One of the greatest things to happen to my parenting style didn’t come from a book or even an article. It came from a simple quote on my Facebook feed.
“The most important reason we discipline our children is to teach them self-control.” Dr. Meg Meeker
This quote really made me stop and think. As someone who struggles with self-control, I had never really thought of disciplining my kids in this way before. Previously, I thought disciplining my kids was a way for them to learn the rules so we could all live harmoniously in our house together. I definitely thought discipline was important but I wasn’t always great about following through.
Just the other day, I had finally sat down to my twice-heated cup of coffee and my full-of-life toddler comes into the living room with a some plastic fruit, proudly shows me and then promptly gets distracted by something else leaving the plastic apple on the couch. “Please take this back to the playroom,” I ask sweetly because in that moment, she so joyful and I love being a part of her childhood. She doesn’t even acknowledge me. So quickly does my joy give way to annoyance. I ask again in a more serious voice. “No, you need to come back and take this to the playroom.” Nothing, she doesn’t even look at me.
Now I’m feeling all sorts of angry inside. We’ve worked on this! She’s been so good lately! It’s so easy to just grab that silly, plastic, apple and take it back. Then… she leaves the room and goes back into the playroom. In this moment, I KNOW that I should give her a timeout. I shouldn’t have even asked her more than once, so I’ve already broken my own discipline rules. And now I should escalate and give her a punishment for completely ignoring me.
But, but, but… the coffee. I just sat down. I have a 5-week-old and I’m exhausted. And I’ll be honest, I feel relieved that she’s left the room and it’s quiet again. So I make a bad choice and I let it go.
“Don’t be so hard on yourself,” you may be tempted to say. “You just had a baby.” “It’s not that important.” “You get it right most of the time, this time doesn’t really matter that much.” I have plenty of excuses to make myself feel better about my lackadaisical parenting moments. But then I read this quote.
The most important reason we discipline our children is to teach them self-control.
I instantly think of the areas of my life where I struggle. Almost all of them revolve around a lack of self-control. I’m a stress eater, I don’t like cleaning the house when I don’t feel like it, I carve out time to write about Jesus and then sometimes I just watch Netflix instead. And these things, these failures, make me feel yucky. No one enjoys feeling out of control. As adults, we’re mostly aware of these self-control issues we have and that they make our lives worse. Why would I wish that on my children?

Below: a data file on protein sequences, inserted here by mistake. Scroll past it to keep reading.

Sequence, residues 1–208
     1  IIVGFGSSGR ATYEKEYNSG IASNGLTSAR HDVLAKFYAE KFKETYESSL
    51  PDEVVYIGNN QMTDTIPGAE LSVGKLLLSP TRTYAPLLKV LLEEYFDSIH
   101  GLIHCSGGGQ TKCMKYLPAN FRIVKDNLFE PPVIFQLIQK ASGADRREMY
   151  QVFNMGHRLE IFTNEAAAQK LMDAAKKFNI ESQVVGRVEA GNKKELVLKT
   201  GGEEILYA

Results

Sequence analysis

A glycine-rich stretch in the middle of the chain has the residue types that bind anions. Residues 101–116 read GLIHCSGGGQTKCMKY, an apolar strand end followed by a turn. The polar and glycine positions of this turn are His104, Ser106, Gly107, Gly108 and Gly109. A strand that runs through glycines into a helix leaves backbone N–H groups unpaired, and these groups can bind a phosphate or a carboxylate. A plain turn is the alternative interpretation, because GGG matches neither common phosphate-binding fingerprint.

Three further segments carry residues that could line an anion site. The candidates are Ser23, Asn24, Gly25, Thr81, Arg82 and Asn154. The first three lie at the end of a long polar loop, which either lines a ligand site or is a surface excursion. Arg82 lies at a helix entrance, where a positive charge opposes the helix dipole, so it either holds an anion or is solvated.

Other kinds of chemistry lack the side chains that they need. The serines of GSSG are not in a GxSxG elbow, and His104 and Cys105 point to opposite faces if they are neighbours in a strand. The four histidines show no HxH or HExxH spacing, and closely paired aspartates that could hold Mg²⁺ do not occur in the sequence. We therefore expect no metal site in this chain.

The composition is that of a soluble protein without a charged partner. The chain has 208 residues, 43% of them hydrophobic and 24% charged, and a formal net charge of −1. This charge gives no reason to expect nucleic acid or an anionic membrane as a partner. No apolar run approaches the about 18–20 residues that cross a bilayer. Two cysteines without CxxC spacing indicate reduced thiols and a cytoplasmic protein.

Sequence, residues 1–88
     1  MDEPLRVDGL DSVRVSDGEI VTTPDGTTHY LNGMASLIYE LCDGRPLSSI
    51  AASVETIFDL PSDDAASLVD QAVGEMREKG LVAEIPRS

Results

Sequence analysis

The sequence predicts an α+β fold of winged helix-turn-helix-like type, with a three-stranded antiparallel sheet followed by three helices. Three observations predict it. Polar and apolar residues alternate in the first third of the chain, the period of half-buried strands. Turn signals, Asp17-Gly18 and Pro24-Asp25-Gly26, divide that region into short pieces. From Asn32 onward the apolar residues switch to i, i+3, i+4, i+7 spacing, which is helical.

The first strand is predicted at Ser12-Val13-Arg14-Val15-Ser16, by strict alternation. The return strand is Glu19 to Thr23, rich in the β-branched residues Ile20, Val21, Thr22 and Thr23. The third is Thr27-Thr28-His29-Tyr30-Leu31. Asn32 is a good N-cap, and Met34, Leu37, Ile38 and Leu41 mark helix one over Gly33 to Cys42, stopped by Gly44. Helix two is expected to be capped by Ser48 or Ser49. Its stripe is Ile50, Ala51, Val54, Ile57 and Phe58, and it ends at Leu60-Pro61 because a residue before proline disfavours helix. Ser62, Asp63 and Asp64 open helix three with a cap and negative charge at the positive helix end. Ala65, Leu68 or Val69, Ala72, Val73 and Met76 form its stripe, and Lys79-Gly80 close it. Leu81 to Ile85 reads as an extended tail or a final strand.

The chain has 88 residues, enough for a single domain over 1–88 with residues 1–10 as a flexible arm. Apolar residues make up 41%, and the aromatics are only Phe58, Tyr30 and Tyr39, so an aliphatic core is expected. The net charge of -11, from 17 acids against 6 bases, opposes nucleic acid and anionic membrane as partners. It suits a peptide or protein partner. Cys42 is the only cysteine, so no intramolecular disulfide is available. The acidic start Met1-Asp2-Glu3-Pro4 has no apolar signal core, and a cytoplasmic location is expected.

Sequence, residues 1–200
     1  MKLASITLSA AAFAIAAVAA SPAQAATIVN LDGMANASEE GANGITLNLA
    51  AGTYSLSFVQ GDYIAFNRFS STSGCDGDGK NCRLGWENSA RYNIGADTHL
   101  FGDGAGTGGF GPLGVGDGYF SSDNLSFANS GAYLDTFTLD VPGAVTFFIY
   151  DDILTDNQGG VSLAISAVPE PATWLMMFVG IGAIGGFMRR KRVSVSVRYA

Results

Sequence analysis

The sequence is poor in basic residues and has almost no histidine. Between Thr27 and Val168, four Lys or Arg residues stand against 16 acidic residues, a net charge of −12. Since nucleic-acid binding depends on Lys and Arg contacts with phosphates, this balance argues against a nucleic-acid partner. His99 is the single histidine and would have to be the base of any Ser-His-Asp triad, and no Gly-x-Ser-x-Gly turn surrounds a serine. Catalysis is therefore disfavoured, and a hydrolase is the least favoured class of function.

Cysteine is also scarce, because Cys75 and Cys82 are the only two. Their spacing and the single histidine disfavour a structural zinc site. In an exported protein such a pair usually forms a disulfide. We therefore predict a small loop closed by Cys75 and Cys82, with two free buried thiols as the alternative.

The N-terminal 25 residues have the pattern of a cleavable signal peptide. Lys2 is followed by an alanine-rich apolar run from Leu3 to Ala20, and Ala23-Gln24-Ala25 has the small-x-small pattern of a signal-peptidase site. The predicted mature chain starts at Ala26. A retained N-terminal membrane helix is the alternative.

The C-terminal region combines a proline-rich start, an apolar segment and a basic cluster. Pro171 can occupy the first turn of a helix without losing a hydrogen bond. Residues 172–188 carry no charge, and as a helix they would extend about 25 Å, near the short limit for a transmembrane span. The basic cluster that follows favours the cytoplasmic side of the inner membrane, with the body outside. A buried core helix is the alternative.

I realize that I don’t want my sweet little girls to struggle with this as much as I struggle with this. And of course I can never know exactly who they will be as adults or how precisely my actions during their childhood will change them but what if? Just what if having more consistent discipline really did teach them to have more control over their emotional impulses to make bad choices? What if my giving a timeout the very first time helps one of my girls not to compulsively buy things at Target? I want to give them that future. I want to help them to be more.
The Bible backs this up in many places. Here are just a few:
Proverbs 22:6 Train up a child in the way he should go; even when he is old he will not depart from it.
Proverbs 13:24 Whoever spares the rod hates his son, but he who loves him is diligent to discipline him.
Proverbs 22:15 Folly is bound up in the heart of a child, but the rod of discipline drives it far from him.
Now, we don’t use rods on our children. Instead they get a two-minute timeout by the door, a five-minute timeout in their room or the loss of a privilege depending on the offense. But these are modern day rods and I realize that I’m doing my kids a huge disservice by letting things go; by letting them walk all over me; by letting them get away with making bad choices and not feeling the weight of a consequence.
Discipline is not only an uncomfortable topic to talk about, it’s also just an uncomfortable thing to do. I never really feel like disciplining my kids. I don’t like doing it. It never feels fun or happy. But after reading this quote, I see now that it is my job. It is helpful to them.
It has also been helpful to me. Not only am I much more consistent about disciplining them, but I have surprisingly made progress in my own lack of self-control. I realize that I too need a little more discipline. I need to just suck it up, disregard my feelings and get the job done, whatever that may be.
So ladies, I know you’re tired. I know you don’t want to get up. I know that headache makes you want to let it slide. But the next time you’re thinking about letting your kids run the show, think of their future. Think of them sitting in a living room watching their own children. Give them the gift of self-control. It’s a gift of peace and it will stay with them.
Copyright 2015 Sterling Jaquith
Image Credit: You Can’t Always Get What You Want by Jabiz Raisdana (2014) Flickr, CC
About the Author
Sterling Jay is a Catholic life coach. She is a wife and unschooling mom of 6 young children and lives in Boise, Idaho. She is a co-host of the Made For Greatness podcast. As an adult convert, she loves sharing her passion for the faith. She believes Catholic moms can change the world! Learn more at MadeForGreatness.co. See her books on Amazon!